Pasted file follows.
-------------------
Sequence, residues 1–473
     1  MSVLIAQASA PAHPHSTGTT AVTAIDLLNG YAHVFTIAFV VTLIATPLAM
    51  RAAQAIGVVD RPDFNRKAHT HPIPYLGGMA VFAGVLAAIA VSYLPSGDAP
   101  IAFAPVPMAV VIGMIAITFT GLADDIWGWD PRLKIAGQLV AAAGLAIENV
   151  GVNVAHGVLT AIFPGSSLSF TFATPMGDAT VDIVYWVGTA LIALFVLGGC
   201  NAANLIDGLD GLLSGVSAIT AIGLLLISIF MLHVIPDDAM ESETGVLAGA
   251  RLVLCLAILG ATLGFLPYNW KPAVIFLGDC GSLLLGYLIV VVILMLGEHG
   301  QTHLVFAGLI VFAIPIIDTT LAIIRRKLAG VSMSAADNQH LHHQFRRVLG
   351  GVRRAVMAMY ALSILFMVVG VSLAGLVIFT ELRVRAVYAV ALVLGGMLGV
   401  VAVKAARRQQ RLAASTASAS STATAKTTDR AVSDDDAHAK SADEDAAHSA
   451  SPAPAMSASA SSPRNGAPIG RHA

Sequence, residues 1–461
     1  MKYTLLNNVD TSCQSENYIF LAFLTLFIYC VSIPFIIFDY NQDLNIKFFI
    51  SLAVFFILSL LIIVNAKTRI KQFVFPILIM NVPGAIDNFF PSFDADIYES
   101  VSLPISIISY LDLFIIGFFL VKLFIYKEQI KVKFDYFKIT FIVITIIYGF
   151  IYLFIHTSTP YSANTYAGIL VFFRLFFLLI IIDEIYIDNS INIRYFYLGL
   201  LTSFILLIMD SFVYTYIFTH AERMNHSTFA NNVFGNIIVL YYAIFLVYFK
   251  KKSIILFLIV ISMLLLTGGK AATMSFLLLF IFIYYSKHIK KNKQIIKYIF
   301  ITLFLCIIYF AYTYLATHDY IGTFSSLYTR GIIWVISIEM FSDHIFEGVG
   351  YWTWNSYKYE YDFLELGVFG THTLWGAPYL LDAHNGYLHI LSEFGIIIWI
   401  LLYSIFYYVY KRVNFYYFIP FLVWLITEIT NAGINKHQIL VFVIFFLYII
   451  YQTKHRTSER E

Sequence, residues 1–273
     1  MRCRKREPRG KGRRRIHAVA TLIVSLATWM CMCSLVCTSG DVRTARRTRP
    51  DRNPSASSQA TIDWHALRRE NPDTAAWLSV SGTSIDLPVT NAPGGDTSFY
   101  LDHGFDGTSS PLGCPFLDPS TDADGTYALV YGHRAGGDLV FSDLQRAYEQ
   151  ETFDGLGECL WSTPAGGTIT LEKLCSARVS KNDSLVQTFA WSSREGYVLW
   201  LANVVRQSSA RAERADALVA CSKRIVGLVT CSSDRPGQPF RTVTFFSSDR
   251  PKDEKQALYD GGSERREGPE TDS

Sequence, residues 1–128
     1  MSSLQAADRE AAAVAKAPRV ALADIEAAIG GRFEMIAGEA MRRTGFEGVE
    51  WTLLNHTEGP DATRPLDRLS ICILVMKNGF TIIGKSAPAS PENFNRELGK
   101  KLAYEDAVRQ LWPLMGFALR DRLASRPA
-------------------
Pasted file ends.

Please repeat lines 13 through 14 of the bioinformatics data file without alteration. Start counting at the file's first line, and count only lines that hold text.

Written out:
     1  MKYTLLNNVD TSCQSENYIF LAFLTLFIYC VSIPFIIFDY NQDLNIKFFI
    51  SLAVFFILSL LIIVNAKTRI KQFVFPILIM NVPGAIDNFF PSFDADIYES